The role of workplace professionals in the new era of work

Epicenter Coworking Space in Stockholm workplaceMany consequences of the COVID-19 crisis are immediately apparent to workplace managers and users. Potentially less obvious, are the fundamental changes to the job roles involved in managing commercial property, both within occupier businesses and property management teams alike.

Before the pandemic, the conversation about flexible working had been steadily moving up the corporate agenda. As research findings pointed to the potential benefits for both business performance and employee wellbeing, concerns about the practicalities – the investment, implications for training and development, the impact on knowledge sharing and creative thinking – grew louder as well.

Then, in March, things changed almost overnight. Millions of workers decamped to their living rooms and were forced through a crash course in VPN software and Zoom conference calls. Only 10 percent of UK office space has been in use during the past two months according to Landsec and, with Twitter announcing that its staff will have the option to work from home for good, many others are understandably asking: will we go back? If so, when?

For office owners and property managers, now’s the time to think further ahead: what support, skills and services will these occupiers need from us when they do return? And what will the format, fit out and experience of commercial workspaces look like in the future?


Looking with different eyes

[perfectpullquote align=”right” bordertop=”false” cite=”” link=”” color=”” class=”” size=””]The ‘six feet office’ solution seems entirely based on the assumption that offices should carry on as they were[/perfectpullquote]

This is a important subject to consider, and unsurprisingly many of the bigger players are making predictions about the future of work that support their commercial interests. The ‘six feet office’ solution recently posited by one large property company for example, seemed entirely based on the assumption that the workplace should carry on as it was pre COVID-19, only with new measures introduced to enforce social distancing. These ideas are practical for adhering to new public health guidelines but miss the point of why the most progressive and modern organisations invest in office space in the first place.

While clearly well intentioned and not without merit, I fear this approach would fundamentally hamper collaboration, team working, the buzz of creative ideas and the human need for contact – in short, the joy of working with others. The post-lockdown implications for public transport alone mean we need to accept that people are going to be in the office less, at different times to some of their colleagues, or perhaps not all.

This means adapting environments to suit remote working, hot desking and conference calling while upholding new cleaning and social distancing regulations. This will surely engender a significant shift in the responsibilities of traditional office roles at all levels, from MDs to office managers. For example, will the latter take on new responsibilities for ensuring everyone feels connected in a virtual workplace?


A new role

The job specification for a health and safety manager is one in particular that may change dramatically. As well as the building fabric, office space management and regulatory compliance, how do you begin to look after the physical and mental wellbeing of employees while they are working from home? It feels inevitable that health and safety will increasingly overlap with more traditional HR priorities and become even more central to employers meeting their duty of care.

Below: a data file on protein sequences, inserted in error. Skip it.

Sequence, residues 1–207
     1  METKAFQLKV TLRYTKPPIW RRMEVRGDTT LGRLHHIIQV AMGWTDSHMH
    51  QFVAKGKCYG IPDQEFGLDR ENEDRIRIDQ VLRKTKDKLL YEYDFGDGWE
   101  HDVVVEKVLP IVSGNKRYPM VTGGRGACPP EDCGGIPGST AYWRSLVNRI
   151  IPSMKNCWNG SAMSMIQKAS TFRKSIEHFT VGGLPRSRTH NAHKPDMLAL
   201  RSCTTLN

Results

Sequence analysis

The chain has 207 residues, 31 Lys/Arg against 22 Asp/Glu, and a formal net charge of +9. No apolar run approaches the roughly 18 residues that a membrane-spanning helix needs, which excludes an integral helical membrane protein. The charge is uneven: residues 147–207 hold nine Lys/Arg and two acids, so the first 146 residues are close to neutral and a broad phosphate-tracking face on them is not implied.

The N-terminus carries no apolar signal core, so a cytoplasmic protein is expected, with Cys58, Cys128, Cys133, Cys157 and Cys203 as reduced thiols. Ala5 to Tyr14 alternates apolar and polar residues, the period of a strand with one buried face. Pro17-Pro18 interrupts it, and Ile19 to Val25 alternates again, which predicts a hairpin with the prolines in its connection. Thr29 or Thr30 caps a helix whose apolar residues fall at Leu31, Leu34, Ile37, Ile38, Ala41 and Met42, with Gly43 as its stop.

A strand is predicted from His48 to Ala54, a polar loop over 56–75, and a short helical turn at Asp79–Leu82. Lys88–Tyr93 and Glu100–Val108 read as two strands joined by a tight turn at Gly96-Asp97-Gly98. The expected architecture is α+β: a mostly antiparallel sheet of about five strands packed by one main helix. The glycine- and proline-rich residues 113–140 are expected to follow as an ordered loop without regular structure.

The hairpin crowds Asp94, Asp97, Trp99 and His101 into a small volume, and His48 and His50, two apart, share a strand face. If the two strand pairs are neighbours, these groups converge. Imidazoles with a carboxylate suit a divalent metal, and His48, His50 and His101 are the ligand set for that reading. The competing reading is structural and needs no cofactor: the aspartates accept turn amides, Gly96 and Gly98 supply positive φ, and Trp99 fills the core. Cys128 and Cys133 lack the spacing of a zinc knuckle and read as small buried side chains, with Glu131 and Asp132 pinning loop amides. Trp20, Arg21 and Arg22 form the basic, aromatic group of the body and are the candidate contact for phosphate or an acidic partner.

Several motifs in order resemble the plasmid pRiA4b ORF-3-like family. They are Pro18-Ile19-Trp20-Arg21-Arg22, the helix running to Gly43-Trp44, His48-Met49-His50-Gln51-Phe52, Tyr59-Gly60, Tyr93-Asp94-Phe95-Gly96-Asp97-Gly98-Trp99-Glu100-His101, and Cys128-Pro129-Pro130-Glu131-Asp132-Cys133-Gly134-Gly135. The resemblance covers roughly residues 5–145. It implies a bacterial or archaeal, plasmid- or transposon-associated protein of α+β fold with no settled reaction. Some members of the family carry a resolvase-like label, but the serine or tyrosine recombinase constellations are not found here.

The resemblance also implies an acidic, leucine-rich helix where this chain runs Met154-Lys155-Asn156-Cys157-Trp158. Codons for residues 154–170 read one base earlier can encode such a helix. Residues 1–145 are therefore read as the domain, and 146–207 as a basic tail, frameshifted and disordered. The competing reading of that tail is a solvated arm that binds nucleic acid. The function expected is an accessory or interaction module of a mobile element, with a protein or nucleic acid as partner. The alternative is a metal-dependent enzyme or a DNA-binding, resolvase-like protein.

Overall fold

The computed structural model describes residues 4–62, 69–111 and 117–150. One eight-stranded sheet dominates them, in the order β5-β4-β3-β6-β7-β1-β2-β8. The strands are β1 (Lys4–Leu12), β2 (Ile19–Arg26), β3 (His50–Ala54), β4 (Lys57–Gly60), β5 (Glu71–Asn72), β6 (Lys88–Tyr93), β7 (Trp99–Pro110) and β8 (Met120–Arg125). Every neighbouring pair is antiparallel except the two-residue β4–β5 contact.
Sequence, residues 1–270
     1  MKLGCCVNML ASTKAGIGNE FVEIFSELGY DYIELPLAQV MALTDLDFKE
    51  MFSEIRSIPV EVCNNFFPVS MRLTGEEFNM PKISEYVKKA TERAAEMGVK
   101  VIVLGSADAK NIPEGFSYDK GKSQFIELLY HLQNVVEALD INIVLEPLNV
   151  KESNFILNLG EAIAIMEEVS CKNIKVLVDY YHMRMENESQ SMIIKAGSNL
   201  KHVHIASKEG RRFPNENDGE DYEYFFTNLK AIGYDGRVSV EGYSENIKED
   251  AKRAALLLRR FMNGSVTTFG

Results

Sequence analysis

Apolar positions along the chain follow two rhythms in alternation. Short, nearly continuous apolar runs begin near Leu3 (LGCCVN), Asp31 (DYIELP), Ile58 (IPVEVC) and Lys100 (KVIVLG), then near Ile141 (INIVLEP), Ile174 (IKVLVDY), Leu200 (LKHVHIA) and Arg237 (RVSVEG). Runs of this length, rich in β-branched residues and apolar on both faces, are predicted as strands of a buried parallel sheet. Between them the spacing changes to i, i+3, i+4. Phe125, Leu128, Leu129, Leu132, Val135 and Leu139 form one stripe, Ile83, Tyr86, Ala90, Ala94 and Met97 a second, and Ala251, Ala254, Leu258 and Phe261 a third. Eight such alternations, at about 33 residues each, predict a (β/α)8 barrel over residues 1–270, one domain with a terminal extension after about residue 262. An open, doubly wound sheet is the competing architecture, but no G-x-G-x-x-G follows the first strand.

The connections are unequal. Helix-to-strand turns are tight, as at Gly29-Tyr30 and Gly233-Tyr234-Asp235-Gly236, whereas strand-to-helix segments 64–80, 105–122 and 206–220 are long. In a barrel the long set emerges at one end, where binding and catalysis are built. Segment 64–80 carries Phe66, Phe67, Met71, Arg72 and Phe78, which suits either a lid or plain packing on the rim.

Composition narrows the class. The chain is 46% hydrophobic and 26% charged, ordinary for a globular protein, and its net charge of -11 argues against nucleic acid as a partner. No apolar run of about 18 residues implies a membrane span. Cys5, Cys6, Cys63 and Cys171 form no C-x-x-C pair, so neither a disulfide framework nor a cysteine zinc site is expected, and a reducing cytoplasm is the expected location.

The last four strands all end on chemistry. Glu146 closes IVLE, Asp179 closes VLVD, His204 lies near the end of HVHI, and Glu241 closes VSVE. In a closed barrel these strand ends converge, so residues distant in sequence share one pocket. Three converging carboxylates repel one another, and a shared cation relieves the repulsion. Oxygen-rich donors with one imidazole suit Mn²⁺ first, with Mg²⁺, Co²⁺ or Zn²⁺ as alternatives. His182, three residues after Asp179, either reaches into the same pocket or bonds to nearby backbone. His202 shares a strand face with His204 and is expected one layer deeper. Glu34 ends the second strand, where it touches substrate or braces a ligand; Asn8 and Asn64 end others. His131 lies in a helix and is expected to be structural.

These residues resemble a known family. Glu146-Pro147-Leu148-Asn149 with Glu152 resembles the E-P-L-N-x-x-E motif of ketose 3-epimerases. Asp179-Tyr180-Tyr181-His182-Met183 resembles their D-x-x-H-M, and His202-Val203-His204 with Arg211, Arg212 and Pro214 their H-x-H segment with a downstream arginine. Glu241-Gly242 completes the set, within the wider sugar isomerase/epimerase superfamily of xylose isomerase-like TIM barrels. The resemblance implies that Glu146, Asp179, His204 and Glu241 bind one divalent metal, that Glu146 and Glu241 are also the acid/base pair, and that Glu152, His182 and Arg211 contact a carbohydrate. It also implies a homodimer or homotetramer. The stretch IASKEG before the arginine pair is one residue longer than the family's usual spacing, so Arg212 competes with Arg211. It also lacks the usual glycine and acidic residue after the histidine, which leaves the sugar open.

[perfectpullquote align=”right” bordertop=”false” cite=”” link=”” color=”” class=”” size=””]Many of us will have acquired new aches and pains in recent weeks[/perfectpullquote]

How will you notice who’s burnt out, who’s not taking enough breaks, or who’s having a tough time at home? Employers will need new services to bridge the gap of small talk and social interactions, such as access to an employee helpline or private healthcare provision.

For larger employers, this could extend to diet and nutrition as well: if we’re to believe, as some have said, that the good old staff canteen is a thing of the past, is there a knock-on effect for staff health, and as a result on productivity? Let’s not forget that many employers have been using their staff restaurants as a route to encourage healthier eating and breaks from computers by providing alternative informal meeting space.

Many of us will have acquired new aches and pains in recent weeks as we hunch over dining tables and balance on unsupportive seating – how will a health and safety manager monitor home working environments and consider things like desk space, ergonomic set up and RSI?  These are the things that have dominated workplace guidance and legislation for years, and now it’s all been turned on its head.


A new definition of work

Away from health and safety, there will need to be reconsiderations regarding the design of the new workplace – decisions about layouts, access routes and lifts, must all be taken on the basis of consultation with the people who run, and work in, these spaces.

As our working environment mushrooms out of bricks-and-mortar offices, it’s also time to unshackle our thinking.  Office support staff will become even more critical to business strategy, the health and productivity of workers, and central to successful building operations, in unexpected and previously unforeseen ways.

Property developers and agents will need to work with property managers, facilities managers and health and safety staff to anticipate new occupier requirements, beyond the immediately obvious of physical space, and ensure that workplaces remain fit for our changing world.

Main image: Epicenter Stockholm